The tannery factories of Fes is lined closely with buildings. In the center, there rows and rows of vats of liquid. The liquids are different colors, there are stacks of leather pieces by some of the basins, and men are working in the liquid.

A visit to the tanneries is really a visit to the terrace that overlooks the tanneries. And a visit to the terrace actually means walking through a maze of a leather shop to get to the terrace. 

But I’m getting ahead of myself. First, you need to get to the tanneries themselves.

Getting to the Tanneries

There are two terraces that overlook the Chouara tannery (the main tannery) and the access points for them are very close to each other. 

As you approach the area of the city where the tanneries are found, you will encounter *so* many men on the streets trying to be your guide, who will start walking with you (to be your guide and get money), people asking if you need directions, or just randomly giving directions, or saying that “that way is closed, go this way.”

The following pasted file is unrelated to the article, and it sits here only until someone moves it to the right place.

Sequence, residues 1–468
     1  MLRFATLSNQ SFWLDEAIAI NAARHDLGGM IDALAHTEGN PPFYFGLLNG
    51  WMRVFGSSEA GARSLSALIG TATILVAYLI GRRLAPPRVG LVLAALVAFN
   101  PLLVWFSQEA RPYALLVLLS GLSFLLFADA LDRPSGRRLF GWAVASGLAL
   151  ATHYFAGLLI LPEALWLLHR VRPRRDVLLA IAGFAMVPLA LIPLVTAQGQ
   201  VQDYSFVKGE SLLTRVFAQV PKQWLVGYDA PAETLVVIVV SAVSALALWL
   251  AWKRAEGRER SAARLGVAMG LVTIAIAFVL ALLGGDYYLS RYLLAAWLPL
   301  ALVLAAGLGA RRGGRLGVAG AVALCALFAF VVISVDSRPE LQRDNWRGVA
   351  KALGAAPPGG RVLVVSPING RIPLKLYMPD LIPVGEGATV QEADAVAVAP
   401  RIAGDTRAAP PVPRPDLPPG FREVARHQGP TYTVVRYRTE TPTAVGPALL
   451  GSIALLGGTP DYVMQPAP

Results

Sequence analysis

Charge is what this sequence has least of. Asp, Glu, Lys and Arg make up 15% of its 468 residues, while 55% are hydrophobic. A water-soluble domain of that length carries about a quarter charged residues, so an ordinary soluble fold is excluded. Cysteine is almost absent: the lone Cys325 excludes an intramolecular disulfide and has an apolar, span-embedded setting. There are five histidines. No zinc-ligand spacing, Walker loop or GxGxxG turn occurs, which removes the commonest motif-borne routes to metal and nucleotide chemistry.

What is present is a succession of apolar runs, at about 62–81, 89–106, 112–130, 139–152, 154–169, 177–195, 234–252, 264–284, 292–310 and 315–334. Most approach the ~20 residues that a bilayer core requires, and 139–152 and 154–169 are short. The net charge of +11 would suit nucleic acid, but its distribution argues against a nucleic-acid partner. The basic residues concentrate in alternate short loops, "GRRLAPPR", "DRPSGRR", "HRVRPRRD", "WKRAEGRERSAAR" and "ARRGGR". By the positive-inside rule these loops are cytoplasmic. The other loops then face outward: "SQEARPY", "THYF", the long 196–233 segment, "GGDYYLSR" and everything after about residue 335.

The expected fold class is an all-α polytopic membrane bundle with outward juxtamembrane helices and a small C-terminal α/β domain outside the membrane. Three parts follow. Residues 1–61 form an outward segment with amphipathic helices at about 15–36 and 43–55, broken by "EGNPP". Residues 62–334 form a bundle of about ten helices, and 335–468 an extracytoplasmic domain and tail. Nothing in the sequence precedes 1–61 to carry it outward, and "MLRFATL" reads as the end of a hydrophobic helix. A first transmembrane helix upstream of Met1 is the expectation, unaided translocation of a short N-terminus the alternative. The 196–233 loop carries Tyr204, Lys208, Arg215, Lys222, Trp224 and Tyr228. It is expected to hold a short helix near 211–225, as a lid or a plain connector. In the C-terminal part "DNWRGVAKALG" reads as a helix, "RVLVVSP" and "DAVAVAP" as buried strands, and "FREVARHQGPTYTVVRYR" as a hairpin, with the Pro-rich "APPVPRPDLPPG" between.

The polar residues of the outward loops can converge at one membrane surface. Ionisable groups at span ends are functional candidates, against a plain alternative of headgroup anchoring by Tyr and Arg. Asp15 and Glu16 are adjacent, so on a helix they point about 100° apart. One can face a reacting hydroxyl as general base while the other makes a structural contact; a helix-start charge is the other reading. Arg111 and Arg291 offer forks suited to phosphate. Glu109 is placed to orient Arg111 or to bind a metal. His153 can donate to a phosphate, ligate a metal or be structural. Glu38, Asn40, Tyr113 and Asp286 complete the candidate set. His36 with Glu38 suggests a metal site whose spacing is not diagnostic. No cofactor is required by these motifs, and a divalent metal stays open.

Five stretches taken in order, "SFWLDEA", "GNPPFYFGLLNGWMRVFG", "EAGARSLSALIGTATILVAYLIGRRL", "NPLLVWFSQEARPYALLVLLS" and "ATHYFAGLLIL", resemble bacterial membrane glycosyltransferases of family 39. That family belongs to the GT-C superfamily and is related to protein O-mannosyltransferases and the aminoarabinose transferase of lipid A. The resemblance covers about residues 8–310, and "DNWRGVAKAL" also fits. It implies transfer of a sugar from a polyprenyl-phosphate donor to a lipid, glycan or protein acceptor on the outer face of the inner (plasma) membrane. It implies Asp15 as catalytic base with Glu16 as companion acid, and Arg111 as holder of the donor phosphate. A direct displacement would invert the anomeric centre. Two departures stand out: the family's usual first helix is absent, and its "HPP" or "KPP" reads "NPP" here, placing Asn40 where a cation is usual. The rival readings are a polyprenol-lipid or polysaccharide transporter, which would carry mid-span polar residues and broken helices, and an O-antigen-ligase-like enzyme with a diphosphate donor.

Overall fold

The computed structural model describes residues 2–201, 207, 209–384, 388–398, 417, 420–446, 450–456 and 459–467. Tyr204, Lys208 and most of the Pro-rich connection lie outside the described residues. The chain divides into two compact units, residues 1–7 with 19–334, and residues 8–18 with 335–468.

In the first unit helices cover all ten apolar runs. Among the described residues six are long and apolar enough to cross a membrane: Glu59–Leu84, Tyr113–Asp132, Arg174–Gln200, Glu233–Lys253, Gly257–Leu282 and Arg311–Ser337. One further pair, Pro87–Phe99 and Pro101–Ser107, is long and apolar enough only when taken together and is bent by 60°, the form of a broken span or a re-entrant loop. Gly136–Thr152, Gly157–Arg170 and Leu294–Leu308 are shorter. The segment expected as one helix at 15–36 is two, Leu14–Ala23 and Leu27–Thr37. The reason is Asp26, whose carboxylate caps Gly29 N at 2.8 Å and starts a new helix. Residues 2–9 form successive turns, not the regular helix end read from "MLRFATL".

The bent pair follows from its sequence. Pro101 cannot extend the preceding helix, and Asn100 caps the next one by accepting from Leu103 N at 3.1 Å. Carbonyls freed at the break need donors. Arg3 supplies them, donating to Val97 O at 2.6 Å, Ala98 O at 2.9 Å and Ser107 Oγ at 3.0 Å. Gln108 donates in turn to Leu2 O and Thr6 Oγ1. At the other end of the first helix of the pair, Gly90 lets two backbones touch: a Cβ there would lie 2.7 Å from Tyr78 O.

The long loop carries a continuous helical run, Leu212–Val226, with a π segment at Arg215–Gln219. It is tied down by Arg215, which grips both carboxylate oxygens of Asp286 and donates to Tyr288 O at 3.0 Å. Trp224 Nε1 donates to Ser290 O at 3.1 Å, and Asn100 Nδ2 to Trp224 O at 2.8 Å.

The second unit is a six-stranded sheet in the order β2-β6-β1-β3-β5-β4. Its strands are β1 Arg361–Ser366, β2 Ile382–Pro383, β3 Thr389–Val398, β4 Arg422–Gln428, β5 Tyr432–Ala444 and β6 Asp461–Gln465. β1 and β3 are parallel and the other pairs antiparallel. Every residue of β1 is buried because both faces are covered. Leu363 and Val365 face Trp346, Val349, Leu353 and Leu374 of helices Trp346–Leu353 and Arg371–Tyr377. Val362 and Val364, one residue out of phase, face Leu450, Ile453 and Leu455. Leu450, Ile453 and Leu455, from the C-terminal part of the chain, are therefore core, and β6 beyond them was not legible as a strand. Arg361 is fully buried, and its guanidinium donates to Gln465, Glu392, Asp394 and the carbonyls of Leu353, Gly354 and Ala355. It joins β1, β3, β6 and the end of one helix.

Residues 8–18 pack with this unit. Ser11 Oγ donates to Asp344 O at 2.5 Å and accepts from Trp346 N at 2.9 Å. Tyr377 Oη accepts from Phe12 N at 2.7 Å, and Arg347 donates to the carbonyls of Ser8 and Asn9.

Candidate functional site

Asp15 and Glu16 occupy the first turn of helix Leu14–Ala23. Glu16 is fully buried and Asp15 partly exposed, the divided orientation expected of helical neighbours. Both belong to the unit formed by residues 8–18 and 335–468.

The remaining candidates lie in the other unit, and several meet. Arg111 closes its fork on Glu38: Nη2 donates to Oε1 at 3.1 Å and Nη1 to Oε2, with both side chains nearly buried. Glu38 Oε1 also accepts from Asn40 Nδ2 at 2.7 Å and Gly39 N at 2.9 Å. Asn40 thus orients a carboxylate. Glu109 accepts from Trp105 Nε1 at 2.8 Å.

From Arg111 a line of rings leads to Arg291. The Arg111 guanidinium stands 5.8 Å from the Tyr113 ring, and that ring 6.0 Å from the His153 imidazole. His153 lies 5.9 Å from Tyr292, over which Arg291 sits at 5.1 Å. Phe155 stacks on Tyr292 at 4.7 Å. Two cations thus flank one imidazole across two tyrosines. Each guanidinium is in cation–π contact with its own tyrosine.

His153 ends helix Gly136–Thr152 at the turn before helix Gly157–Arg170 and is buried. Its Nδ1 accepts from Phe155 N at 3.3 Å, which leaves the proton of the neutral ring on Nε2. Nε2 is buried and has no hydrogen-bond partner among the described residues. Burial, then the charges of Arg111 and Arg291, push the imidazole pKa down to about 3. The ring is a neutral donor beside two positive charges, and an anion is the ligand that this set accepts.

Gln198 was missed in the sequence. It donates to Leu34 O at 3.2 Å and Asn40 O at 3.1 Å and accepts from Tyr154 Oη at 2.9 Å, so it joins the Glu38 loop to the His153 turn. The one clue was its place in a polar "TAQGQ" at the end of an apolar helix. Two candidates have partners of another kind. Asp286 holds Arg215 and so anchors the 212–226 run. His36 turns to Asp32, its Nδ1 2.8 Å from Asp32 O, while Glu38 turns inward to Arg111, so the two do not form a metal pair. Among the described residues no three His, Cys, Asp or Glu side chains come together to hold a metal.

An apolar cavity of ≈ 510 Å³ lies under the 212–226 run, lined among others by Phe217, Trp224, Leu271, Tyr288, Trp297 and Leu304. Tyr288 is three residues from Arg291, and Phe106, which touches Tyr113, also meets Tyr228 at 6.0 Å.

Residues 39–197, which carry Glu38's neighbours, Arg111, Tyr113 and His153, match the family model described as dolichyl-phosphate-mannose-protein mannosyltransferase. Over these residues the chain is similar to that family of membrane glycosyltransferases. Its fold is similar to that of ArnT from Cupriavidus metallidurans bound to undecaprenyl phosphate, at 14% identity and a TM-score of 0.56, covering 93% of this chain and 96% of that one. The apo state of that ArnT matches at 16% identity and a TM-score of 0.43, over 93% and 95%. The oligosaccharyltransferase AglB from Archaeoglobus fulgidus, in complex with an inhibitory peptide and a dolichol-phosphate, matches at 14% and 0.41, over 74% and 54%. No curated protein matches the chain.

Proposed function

Don’t listen to or go with any of them!

Almost everyone who tried to give us directions in Morocco or told us that “it’s closed” or “only houses that way” or “go this way to ____” was lying to us! Almost every time! 

You do not need a guide to visit or find the tanneries — it was actually pretty easy to find. 

We read a lot of articles before coming to Fes saying that your navigation and maps won’t be accurate in the medina or that you will still get lost or that it’s really hard to find the tanneries. We did not find it difficult at all and our Google maps were pretty dang accurate. If you can follow a map, you can find the tanneries. It is helpful to have GPS turned on, though, so your blue dot actively moves on the map and you can quickly see if you take a wrong turn.

This is where the terrace to view the tanneries are. Plug this into your phone and it’ll take you right there.